Zivah said her “daddy is on the other side of the world in [South] Korea.”  She and her mother have been able to Skype with him through his deployments. Sargent First Class, Christopher Thomas is from Canon City.   This is his third deployment but the first deployment that Zivah remembers.  She is counting the days until her father comes home.  Zivah said when her daddy comes home from Korea she is “going to charge at him and give him a big huge hug.”

American Girls for American Girls

Thomas said of her daughter, “Someone like Zivah is very strong for being without her dad and it isn’t easy.  We, as adults often forget that and for her to receive something in recognition for that it’s very special and we thank the Red Cross for thinking of military families for thinking of us, we thank you so much.”

“This is pretty wonderful.” Thomas said, “Zivah’s never had an American Girl doll before so it’s really amazing that we now have this special story to tell of how she got it and why she got it. This is a memory, we will never forget.”





Tuesday, December 19, 2017

American Red Cross Active Shooter Training; A Story of Healing



As part of the work of Save a Life Denver, the American Red Cross is growing a team of instructors to work with businesses and organizations and to prepare community members. On December 16, 2017 a Red Cross training was held to identify these special trainers. Dana Goldsmith, American Red Cross Disability Integration Specialist, along with 20 other volunteers, attended the training and afterward she shared with us the reason she feels so strongly about this opportunity. 

This is her story. 

New Life Church, Colorado Springs; December 9, 2007I was 22 years old. My two sons were 18 months old, and 7 weeks old. My husband was deployed. As was normal for a Sunday, we had attended services that morning and I was meandering in the lobby and talking to friends as we prepared to leave.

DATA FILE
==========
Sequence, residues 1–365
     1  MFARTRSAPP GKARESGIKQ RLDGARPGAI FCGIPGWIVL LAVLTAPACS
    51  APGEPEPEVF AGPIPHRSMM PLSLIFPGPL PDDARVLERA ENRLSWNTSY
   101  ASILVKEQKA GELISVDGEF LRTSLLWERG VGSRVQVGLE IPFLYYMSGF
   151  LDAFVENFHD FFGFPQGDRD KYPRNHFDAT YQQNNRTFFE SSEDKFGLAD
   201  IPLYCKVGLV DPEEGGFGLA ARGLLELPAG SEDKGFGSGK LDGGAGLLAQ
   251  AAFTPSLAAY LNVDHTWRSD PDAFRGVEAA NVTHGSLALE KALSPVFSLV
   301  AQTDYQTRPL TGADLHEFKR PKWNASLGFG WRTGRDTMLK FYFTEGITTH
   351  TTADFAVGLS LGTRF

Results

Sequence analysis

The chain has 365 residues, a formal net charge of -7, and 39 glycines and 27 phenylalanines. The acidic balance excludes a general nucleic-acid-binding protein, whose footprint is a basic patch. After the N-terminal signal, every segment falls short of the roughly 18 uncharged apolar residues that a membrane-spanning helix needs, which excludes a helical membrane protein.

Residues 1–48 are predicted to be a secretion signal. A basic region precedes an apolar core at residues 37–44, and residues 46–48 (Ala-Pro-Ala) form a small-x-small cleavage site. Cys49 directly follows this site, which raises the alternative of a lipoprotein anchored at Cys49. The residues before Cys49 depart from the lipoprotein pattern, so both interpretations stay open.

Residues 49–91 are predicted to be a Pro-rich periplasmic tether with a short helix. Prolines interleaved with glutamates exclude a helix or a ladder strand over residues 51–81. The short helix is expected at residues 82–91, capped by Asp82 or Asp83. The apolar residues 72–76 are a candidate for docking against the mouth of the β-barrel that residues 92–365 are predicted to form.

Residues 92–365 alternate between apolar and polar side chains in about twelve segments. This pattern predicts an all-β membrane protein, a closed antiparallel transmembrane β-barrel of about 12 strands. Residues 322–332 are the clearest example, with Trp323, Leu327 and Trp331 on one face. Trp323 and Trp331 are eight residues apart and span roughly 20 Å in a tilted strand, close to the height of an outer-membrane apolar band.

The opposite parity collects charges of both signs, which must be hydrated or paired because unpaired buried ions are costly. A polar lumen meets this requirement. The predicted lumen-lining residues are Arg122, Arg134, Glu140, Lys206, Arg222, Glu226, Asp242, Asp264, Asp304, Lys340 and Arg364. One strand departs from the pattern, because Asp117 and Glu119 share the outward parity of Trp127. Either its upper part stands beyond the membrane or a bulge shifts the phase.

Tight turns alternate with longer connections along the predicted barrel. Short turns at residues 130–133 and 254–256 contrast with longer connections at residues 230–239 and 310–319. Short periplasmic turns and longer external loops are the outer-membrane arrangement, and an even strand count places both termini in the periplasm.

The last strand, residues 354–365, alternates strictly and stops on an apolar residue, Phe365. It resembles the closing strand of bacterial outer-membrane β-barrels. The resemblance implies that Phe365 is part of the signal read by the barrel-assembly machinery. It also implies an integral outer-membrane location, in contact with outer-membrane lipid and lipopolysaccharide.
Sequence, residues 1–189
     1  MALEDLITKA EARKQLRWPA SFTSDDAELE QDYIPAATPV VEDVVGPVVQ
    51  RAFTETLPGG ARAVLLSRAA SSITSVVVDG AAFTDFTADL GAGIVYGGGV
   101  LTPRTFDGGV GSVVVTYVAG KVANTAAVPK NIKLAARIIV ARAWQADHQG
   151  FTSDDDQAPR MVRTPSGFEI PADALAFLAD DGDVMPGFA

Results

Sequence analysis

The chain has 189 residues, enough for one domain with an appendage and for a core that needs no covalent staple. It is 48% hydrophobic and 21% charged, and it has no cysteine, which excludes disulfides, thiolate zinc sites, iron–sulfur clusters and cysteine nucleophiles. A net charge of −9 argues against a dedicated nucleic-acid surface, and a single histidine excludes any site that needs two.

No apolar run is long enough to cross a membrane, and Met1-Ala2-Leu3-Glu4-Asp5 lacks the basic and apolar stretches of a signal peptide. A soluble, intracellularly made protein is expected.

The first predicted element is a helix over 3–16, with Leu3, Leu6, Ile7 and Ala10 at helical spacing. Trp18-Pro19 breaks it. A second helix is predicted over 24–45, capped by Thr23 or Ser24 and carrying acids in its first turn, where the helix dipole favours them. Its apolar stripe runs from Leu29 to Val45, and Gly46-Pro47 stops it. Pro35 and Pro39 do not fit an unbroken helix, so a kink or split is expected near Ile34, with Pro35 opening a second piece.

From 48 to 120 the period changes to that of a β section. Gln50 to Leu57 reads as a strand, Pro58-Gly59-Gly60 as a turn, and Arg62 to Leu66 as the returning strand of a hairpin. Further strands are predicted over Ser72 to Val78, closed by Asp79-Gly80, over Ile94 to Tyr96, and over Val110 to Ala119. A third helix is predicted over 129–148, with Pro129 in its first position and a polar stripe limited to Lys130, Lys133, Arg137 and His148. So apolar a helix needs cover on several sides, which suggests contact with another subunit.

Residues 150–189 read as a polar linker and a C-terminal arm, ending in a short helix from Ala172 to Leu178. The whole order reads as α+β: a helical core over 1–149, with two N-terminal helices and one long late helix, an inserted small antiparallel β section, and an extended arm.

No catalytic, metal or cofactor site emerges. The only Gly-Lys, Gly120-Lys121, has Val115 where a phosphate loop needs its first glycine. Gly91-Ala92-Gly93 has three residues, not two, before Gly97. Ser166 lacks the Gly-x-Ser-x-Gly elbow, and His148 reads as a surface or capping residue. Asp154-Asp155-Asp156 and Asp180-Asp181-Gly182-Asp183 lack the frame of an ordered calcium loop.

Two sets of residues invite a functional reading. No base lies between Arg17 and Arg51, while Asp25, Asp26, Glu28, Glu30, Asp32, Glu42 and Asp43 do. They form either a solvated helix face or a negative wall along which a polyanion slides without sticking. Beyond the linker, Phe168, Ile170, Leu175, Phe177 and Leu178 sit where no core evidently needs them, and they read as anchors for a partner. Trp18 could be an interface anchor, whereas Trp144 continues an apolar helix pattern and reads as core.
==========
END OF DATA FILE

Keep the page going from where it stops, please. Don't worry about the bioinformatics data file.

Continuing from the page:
My mother and I had planned to grab lunch and she had gone ahead with the infant as I headed for the door with my toddler and sister close by. As my son exited the building, jumping in puddles of slush from a recent snow, I heard a loud bang. I assumed a car had gone over a grate in the parking lot and kept walking. Likewise, my toddler continued exploring the snow, slush, and every little detail of the sidewalk. I had walked about five feet ahead of him and turned to encourage him, once again, to please hurry. As I did, two more BANGS interrupted my words. I looked past my son to see a man run out of the building, holding his two young kids; they were much too big to be carried. He shouted in our direction as he ran, “There’s a shooter!” I was clearly confused and I responded, “Really?” The man looked at me, wide eyed in disbelief of my reaction, "YES," he responded as he kept running. 

The Goldsmith Family 
Everything became a blur at that moment. I dashed for my car as my sister called out to me that she had my son. She held him to her chest, shielding his head. As we bolted towards the car, I briefly paused, realizing my car was parked with no cars near it for several spaces. I briefly contemplated ducking behind a nearby vehicle because running in the open just didn’t make sense, but neither did hiding. I felt like a sitting duck. So, we ran.